A literature review of Iraq and of adjacent countries, and of other relevant taxonomic studies, identified 10 published names and one unpublished name for species putatively in Iraq and adjacent countries. Species in adjacent countries, especially in Iran including, C. eremodoxa, C. ridgewayana, C. fissa, C. laxiflora and C. ambigua, were excluded from this investigation as their distributions and morphology suggest they are unlikely to exist in Iraq. Of the other species, two Atlantic/western European taxa were excluded on the basis that they are exceptionally unlikely to occur in the Middle East: C. lutea and C. phelypaea. Although C. lutea was cited in the Flora of Syria, Palestine and Sinai, the description does not provide adequate detail of morphological characters to discriminate between this and other species, including C. tubulosa. Cistanche phelypaea, as circumscribed currently, is a primarily Atlantic, coastal species, frequent from southwest Portugal south to Macaronesia and the coast of Morocco. We consider the inclusion of C. phelypaea in the Flora of Saudi Arabia to be equivocal, and cited with insufficient detail to merit further examination. Moreno Moral et al. (2017) consider C. lutea and C. phelypaea to be morphologically distinct. Wood (1997) records the presence of C. phelypaea and C. rosea Bakir in Yemen and considered C. tubulosa a synonym of C. phelypaea. Author AM during his time in Yemen at the University of Taiz, in 2000–2002, observed a putatively distinct form of Cistanche across regions. It parasitized Halothamnus bottae Jaub. & Spach (syn. Salsola bottae (Jaub. & Spach) Boiss) (Amaranthaceae) (absent from Iraq) and was pure yellow, without purple pigmentation. Further investigation is required. Cistanche rosea, which is widespread across the Arabian Peninsula, is readily distinguished by its deep rose-red corolla. Ataei et al. (2020) asserts that C. lutea and C. phelypaea do not occur in the Middle East. Both entities were excluded from further work for the treatment of the genus Cistanche in Iraq.

Finally, we considered C. chabaharensis, an as yet unpublished name referred to in the thesis of Ataei (2017) (Fig. 2B). This description placed focus on the glabrous, acute anthers; the key also described bract and bracteoles to possess non-sinuate margins, yellow corolla, and anther filaments glabrous at the base. However, on close examination of specimens cited by Ataei (2017) from Oman (McLeish, E00121976 E) and Iraq (Barkley & Abbas-Al-Ani, 6499 K), it was apparent both had woolly anthers that could not be distinguished from anthers of C. tubulosa, and that the bracts and bracteoles were sinuate. We consider it doubtful that this unpublished name represents a new entity found in Iraq; rather we believe this to be an entity that falls within the bounds of variability in C. tubulosa s.l. In summary, only three species warranted detailed investigation for the region in question: C. tubulosa, C. salsa and C. flava (Table 1; Fig. 3).

Figure 2. 

A herbarium specimen of C. tubulosa collected in Iraq, mistakenly identified as C. flava B the holotype of putative species C. chabaharensis; note the woolly anther (inset) typical of C. tubulosa C herbarium specimen of C. tubulosa in (W) collected in lowland of Iraq, mistakenly identified as C. salsa.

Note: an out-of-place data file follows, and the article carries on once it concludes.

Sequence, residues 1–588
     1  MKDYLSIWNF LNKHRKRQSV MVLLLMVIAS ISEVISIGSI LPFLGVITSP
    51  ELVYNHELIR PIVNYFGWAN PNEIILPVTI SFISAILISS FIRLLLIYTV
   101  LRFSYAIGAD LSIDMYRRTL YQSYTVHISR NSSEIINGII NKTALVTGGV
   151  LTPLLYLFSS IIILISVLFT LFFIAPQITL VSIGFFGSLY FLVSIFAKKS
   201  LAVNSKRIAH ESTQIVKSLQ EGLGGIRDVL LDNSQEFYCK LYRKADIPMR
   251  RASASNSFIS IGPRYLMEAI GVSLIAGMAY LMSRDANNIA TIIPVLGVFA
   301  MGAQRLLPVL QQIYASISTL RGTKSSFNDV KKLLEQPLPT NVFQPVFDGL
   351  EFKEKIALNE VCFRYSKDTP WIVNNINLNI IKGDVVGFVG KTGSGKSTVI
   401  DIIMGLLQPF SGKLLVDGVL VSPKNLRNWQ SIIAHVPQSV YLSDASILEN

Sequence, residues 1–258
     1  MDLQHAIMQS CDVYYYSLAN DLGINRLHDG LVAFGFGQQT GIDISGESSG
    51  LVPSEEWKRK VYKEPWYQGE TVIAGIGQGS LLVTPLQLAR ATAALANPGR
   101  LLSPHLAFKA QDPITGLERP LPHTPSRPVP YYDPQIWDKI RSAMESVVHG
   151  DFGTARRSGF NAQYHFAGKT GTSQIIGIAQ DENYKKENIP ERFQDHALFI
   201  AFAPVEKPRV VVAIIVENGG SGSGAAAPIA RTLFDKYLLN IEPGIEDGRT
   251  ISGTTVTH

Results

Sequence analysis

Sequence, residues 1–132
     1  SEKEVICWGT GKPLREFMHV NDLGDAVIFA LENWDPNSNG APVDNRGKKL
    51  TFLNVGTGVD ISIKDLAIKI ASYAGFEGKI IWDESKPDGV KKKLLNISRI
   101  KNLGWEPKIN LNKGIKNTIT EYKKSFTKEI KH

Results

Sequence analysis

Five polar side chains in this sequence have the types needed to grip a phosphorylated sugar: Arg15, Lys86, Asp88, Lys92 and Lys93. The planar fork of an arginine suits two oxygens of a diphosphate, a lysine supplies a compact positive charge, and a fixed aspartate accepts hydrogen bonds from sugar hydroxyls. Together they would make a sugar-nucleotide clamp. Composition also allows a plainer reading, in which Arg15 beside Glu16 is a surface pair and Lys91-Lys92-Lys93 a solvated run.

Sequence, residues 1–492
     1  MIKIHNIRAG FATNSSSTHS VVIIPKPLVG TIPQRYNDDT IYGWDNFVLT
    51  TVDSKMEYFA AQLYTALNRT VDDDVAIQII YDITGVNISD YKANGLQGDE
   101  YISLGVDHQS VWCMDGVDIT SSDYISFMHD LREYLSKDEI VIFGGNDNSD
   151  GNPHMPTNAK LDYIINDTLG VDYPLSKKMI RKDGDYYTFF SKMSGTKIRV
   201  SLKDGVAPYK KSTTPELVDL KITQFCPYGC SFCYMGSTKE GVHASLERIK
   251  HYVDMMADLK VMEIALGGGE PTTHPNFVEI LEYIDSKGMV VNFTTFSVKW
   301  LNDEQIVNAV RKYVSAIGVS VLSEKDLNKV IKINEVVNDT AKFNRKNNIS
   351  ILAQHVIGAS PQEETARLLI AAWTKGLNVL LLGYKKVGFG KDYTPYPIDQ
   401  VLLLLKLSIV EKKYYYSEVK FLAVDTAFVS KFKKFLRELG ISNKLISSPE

Figure 3. 

Illustrations of Cistanche species putatively found in Iraq and adjacent territories (inflorescences) A C. flava B C. tubulosa C C. salsa D–F corollas in profile of C. flava, C. tubulosa and C. salsa, respectively; note calyx and bract characteristics.

Table 1.

Key morphological characters of Cistanche species putatively found in Iraq and adjacent territories.

Characters C. tubulosa C. salsa C. flava
Scales ovate- lanceolate, obtuse, glabrous, sinuate ovate- lanceolate, obtuse, pilose on the outer side, scarious long-lanceolate, obtuse, glabrous, scarious
Bract ovate-lanceolate, glabrous, sinuate, equal or slightly longer than calyx oblong-lanceolate, pilose on the outer side, longer than the calyx, entire oblong-linear, glabrous, scarious, sinuate, twice long as the calyx or even as long as corolla
Bracteole oblong- lanceolate, glabrous, sinuate, equal or shorter than calyx linear-oblong, pilose on the outer side, entire, equal or slightly longer than calyx oblong-linear, glabrous, sinuate, slightly shorter than calyx
Calyx tubular, up to 1⁄2 total corolla length, 5 lobes, oblong to oblong-ovate, glabrous, sinuate tubular, ca. 1/3 corolla length, 5 lobes, oblong, pilose on the outer side and at the margins, entire tubular-campanulate, 5 lobes, oblong to oblong-ovate, glabrous, sinuate
Corolla tubular-campanulate, 5 lobes, orbicular, glabrous, yellowish throughout or with violet limb (especially in bud) campanulate, 5 lobes, orbicular, sparsely ciliate at the lobes, mauve and white tubular-campanulate, 5 lobes, orbicular, glabrous, yellow to blue-violet
Anther ovate, obtuse at ends, densely pilose ovate, obtuse at base and slightly aristate at apex, densely pilose ovate, obtuse at ends, densely pilose
Stigma bilobate bilobate bilobate

Morphology and evolutionary relationships

Here we consider the three taxa identified to potentially co-occur in the region. Cistanche salsa can be readily differentiated from C. flava and C. tubulosa by its hairiness; the latter two species are glabrous (see key). Cistanche flava is differentiated from C. tubulosa by its scarious, conspicuously long bracts which are twice as long as the calyx or even longer (Table 1; Figs 3A, D, 4C, D). Sánchez Pedraja et al. (2016) consider C. flava to be a synonym of C. tubulosa, however the distinct bract morphology is apparent both in living and dried material. Detailed, well-sampled investigations of both taxa are absent, and their distinction remains open to question; however recent molecular work provisionally supports their separation (Ataei et al. 2020).